So moms and dads don’t want their efforts undermined when they send their kids off to school. Parents have a right to expect that their kids will get decent food in our schools. And we all have a right to expect that our hard-earned taxpayer dollars won’t be spent on junk food for our kids.
And the stakes just couldn’t be higher on this issue. Because one in three children in this country are still overweight or obese, and one in three are on track to develop diabetes in their lifetimes. Those are real statistics. And we currently spend $190 billion a year treating obesity-related conditions -- and just imagine what those numbers are going to look like in 10 or 20 years if we don’t start working on this problem now, if we don’t solve it today.
So the last thing that we can afford to do right now is play politics with our kids’ health, especially when we’re finally starting to see some progress on this issue. We’re starting to move the curve on this. And folks like all of you have worked so hard to meet these new standards, and now is not the time to roll back everything that we have worked for. Our kids deserve so much better than that. They really do.
And as parents, there is nothing that we would not do for our kids -- there is nothing. Not a thing. We always put our kids’ interests first. We wake up every morning and we go to bed every night thinking and worrying about the health and well-being of our kids. I know I do that with my kids, and I do it with every kid in this country.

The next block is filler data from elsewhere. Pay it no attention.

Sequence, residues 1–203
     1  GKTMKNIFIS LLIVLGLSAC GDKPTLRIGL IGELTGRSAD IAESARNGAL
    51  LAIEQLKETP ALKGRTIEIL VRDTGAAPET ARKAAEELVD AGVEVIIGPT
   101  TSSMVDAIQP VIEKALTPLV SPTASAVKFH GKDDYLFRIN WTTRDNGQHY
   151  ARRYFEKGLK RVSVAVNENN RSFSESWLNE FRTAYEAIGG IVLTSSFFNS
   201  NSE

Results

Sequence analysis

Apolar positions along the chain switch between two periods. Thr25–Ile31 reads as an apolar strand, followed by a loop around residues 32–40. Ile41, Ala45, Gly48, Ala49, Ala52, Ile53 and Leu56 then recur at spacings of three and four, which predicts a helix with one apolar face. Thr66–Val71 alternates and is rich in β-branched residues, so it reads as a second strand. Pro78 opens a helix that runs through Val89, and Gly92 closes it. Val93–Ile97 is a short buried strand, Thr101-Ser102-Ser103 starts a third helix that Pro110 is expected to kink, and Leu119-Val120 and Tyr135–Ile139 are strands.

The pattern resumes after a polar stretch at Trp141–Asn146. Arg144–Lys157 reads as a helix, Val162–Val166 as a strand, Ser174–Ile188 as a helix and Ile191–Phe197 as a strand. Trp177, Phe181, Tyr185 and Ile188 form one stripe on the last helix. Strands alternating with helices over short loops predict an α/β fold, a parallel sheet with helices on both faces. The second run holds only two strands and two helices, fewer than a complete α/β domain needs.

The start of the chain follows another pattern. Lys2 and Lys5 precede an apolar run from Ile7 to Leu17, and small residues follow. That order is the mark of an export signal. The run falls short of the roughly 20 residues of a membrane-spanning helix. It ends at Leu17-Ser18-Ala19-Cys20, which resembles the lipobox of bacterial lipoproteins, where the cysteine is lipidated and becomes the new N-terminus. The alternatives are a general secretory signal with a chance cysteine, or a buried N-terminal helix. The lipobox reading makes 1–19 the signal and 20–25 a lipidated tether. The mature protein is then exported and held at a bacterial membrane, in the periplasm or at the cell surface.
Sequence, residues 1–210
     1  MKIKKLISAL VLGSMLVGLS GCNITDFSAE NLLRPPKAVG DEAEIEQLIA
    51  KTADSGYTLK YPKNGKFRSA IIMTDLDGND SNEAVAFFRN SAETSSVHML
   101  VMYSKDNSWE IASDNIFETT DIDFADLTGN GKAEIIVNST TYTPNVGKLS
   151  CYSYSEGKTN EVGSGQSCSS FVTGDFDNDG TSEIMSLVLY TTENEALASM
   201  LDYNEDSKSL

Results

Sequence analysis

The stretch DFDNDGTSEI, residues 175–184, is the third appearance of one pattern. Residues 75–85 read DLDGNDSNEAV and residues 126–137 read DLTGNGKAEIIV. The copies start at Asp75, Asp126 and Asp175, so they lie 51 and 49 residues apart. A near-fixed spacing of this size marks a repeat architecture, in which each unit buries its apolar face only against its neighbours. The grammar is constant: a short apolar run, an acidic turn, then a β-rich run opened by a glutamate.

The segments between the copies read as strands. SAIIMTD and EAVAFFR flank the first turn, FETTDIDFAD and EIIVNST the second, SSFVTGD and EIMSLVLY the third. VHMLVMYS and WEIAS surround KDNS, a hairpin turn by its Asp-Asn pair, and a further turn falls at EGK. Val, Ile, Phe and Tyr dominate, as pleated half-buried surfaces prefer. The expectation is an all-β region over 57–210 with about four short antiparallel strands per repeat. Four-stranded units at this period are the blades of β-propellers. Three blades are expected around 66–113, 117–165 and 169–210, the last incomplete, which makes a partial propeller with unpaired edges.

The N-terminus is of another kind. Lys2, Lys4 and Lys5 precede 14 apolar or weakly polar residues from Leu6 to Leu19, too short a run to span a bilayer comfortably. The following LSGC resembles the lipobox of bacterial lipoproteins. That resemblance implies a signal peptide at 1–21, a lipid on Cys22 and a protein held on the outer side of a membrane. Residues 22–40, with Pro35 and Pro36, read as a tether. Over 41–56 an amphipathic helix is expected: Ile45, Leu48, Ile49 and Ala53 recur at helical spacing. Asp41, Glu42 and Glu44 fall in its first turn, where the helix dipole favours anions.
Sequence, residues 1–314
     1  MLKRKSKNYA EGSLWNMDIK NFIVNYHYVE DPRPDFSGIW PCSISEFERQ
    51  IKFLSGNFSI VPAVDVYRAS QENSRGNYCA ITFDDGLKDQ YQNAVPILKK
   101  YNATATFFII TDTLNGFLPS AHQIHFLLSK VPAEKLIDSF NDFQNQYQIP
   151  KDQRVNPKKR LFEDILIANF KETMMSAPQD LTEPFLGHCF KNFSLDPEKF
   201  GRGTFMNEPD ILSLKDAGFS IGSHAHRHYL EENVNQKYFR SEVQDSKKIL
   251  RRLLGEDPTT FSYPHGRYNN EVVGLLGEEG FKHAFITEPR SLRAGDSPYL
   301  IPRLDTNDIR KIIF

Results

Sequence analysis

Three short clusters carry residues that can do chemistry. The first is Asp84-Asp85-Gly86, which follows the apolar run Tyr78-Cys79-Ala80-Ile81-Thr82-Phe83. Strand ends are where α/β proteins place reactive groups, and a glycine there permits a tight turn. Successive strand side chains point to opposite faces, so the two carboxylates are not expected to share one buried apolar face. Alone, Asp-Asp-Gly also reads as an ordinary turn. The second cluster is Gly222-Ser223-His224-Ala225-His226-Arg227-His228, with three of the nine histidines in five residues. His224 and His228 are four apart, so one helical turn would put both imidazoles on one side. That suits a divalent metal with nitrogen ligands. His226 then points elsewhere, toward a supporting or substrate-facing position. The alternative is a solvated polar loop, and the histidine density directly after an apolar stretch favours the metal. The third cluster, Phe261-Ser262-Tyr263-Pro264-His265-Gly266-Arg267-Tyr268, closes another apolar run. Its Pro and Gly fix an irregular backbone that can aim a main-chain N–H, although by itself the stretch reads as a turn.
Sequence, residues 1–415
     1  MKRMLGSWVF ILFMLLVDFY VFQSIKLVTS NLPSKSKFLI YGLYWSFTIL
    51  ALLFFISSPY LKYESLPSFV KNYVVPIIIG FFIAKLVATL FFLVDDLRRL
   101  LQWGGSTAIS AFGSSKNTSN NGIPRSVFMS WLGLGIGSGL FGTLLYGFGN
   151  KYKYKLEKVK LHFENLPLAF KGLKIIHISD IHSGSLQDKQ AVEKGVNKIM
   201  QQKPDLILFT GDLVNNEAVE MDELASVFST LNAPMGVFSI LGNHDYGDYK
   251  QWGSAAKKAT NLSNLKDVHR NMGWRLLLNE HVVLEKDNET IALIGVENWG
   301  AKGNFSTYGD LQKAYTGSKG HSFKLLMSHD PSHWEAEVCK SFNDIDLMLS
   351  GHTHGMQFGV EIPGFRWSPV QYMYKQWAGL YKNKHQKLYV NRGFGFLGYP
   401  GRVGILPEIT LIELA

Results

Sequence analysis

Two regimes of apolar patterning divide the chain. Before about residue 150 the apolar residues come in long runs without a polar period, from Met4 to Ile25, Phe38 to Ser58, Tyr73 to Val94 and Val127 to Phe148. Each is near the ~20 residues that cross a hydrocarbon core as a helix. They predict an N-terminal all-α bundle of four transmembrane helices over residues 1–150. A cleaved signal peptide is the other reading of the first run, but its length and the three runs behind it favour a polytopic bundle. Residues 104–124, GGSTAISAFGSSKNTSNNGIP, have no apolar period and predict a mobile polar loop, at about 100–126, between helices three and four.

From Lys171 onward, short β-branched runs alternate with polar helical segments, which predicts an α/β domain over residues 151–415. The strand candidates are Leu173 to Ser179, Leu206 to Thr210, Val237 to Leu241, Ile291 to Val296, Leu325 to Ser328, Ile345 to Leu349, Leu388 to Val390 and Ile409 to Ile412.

And when we make decisions about our kids’ health, we want those decisions to be guided by doctors and nutritionists. We want decisions that rely on the best information based on sound science. And that’s what we expect from our leaders in Washington, as well.
So it is up to us to hold them accountable. It’s up to us to let them know that we’re going to follow what’s going on here in Washington, and we expect them to act based on our children’s best interests. And I know this work isn’t easy. Transforming the health of an entire generation is no small task. But we have to be willing to fight the hard fight now. This is what I tell myself. In 10 or 20 years, I don’t want to look back with regret and think that we gave up on our kids because we felt like this thing was too hard, or too expensive. We owe our kids way more than that.
TK: No matter the outcome of the appropriations committee process and the eventual status of school nutrition standards, the fresh produce industry should hold a gala “thank you” party for the first lady at some future date. She has earned any praise directed her way. The next first lady won’t embrace nutrition issues the way Michelle Obama has, that much is certain. For the fresh produce industry, more is the pity.